New Bill to prohibit battery cages and sow stalls
Minister for Territory and Municipal Services, Shane Rattenbury, today presented a bill to prohibit the use of battery cages for commercial egg production and the use of sow stalls and farrowing crates to keep pigs in the ACT.
"The ACT will be the first jurisdiction in Australia to legislate against factory farming, in a move that has been championed by the ACT Greens since 1997," said Mr Rattenbury.
"This Parliamentary Agreement item will be the fifth bill by the ACT Greens in relation to factory farming and I am proud that this has come to fruition at long last.
"With the passage of the Animal Welfare (Factory Farming) Amendment Bill, hens can no longer be kept in inhumane battery cages which prevent them from stretching, perching, laying eggs in a nest and exhibiting other natural behaviour," Mr Rattenbury said.
"The Bill will also prohibit the debeaking of hens, a common practice in the factory farming industry where the hen's beak is removed with a hot blade or laser. Not only is this process painful and inhumane, but it can also lead to other health complications which make it painful for the bird to eat.
"The Bill also prevents sows from being kept in stalls or farrowing crates where they cannot stand up, turn around and simply do not have the space they need to engage in natural pig behaviour. While we do not currently have any sow stalls in the ACT, this legislation will not only prevent their introduction but set a precedent for other states to introduce similar legislation.
"Not only is factory farming cruel, but intensive confinement of animals also fails to meet the public's expectations for humanely-produced egg and pork products.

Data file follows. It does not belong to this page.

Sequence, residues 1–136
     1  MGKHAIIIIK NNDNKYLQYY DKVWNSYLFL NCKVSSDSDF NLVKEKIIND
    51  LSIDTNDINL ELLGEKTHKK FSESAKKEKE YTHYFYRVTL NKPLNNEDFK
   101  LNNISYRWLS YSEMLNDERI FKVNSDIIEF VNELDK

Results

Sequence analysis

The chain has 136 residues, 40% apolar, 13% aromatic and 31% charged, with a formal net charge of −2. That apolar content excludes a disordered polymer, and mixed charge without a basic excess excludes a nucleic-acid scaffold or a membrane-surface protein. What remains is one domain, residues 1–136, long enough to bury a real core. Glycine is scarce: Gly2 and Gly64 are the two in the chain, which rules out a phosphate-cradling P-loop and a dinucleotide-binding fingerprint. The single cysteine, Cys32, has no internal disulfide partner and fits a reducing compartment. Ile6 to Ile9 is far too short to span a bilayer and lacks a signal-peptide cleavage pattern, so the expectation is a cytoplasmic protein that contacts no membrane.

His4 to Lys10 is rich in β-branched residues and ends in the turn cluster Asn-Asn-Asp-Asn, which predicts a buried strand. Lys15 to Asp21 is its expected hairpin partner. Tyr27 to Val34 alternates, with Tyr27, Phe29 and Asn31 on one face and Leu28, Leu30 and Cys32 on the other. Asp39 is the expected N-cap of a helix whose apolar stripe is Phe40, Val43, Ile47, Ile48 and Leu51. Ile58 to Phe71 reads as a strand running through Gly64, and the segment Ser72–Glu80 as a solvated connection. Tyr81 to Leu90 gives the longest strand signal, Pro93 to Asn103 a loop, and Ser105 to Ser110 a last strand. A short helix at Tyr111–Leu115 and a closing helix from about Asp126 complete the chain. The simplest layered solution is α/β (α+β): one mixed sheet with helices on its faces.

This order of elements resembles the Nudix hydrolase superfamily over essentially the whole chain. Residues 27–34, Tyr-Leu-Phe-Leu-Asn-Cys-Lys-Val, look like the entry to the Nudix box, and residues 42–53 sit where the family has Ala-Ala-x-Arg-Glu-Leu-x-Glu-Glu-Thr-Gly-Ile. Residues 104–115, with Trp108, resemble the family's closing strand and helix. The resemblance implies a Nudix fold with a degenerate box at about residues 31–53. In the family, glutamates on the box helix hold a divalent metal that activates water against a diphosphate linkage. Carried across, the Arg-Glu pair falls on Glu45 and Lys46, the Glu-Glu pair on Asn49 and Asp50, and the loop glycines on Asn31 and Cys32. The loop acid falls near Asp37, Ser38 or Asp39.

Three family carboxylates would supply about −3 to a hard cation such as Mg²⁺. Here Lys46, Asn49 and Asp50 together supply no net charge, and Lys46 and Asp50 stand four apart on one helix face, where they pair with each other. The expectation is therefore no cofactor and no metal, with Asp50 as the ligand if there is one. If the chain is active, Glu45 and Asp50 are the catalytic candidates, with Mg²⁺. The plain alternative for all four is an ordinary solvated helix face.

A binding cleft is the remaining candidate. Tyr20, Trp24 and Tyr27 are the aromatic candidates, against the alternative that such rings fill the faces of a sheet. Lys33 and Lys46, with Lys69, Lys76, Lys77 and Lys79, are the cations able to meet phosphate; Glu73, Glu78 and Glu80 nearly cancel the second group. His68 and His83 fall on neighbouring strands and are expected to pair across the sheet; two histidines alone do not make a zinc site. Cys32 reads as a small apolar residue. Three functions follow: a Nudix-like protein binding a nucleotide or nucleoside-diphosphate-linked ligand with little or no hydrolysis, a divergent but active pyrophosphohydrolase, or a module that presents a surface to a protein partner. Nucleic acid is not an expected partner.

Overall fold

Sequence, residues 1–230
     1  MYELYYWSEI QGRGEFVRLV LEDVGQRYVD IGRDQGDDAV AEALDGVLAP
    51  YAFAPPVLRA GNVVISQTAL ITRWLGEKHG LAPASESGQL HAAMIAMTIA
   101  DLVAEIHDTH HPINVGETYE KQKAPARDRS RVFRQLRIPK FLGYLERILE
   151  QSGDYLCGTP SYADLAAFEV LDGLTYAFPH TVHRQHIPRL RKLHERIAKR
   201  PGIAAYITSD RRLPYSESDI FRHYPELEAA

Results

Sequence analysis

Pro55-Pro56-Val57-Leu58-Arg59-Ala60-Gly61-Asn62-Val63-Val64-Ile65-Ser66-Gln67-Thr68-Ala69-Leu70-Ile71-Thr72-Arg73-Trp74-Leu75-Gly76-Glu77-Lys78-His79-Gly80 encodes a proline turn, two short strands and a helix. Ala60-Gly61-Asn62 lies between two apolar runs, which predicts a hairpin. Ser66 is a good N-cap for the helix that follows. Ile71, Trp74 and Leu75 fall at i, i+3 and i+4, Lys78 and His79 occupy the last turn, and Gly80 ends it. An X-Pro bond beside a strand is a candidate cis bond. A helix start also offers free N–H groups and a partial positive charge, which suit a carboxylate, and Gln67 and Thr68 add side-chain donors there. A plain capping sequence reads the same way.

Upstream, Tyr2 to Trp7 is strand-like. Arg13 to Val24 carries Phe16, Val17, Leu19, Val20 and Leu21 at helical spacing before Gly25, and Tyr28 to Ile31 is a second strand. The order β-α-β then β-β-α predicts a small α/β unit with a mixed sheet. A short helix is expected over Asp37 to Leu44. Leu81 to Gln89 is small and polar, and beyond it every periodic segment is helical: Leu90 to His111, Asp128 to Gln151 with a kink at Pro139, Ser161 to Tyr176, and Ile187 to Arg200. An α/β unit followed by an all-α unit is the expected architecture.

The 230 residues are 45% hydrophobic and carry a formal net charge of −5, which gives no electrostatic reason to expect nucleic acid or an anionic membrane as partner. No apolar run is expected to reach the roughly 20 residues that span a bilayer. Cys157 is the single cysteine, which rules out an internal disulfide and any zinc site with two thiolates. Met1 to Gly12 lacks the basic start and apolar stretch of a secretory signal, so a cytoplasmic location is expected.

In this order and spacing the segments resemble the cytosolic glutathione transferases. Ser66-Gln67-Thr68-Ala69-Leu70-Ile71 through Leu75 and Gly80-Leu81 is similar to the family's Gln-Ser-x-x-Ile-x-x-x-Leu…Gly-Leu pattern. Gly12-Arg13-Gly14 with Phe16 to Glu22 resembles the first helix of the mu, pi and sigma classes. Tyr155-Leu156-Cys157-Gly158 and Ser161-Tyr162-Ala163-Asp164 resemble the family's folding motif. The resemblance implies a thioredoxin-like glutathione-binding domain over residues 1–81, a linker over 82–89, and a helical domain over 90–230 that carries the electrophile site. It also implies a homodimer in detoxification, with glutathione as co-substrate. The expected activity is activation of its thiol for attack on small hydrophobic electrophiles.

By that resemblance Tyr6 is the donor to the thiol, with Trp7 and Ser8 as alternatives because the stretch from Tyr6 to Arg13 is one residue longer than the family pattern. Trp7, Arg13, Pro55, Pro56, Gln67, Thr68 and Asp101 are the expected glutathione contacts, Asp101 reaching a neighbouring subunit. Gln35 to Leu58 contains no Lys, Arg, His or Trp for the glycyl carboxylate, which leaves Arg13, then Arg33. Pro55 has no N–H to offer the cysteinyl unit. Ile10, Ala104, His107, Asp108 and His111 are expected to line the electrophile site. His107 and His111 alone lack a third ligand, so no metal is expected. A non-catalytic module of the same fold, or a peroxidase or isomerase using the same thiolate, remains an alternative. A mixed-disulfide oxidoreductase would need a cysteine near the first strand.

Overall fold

"This bill introduces a maximum penalty for a prosecution for battery cage farming and keeping a pig in less than appropriate accommodation is 50 penalty units (currently $7,000 for an individual or $35,000 for a corporation)."
Mr Rattenbury said it is time for the ACT to take a stand against the horrific conditions to which factory farmed animals are subjected and become the first jurisdiction in Australia to outlaw these inhumane practices.
"Taking these steps will help protect the welfare of farmed animals and will set the precedent for other states and territories to do the same.
"The ACT Government has already gone some way to ban the use of battery cage farming by entering into an agreement with the ACT's only battery cage operator, Pace Farm, last year. Pace Farm agreed to convert its operations from a battery cage system by 15 May 2016 and the Bill will honour that agreement.
"This bill is an important step forward to not only end the practice of battery cage farming and debeaking in the ACT, but to also ensure we don't see the intensive confinement of pigs, and the time to do that is now," Mr Rattenbury concluded.
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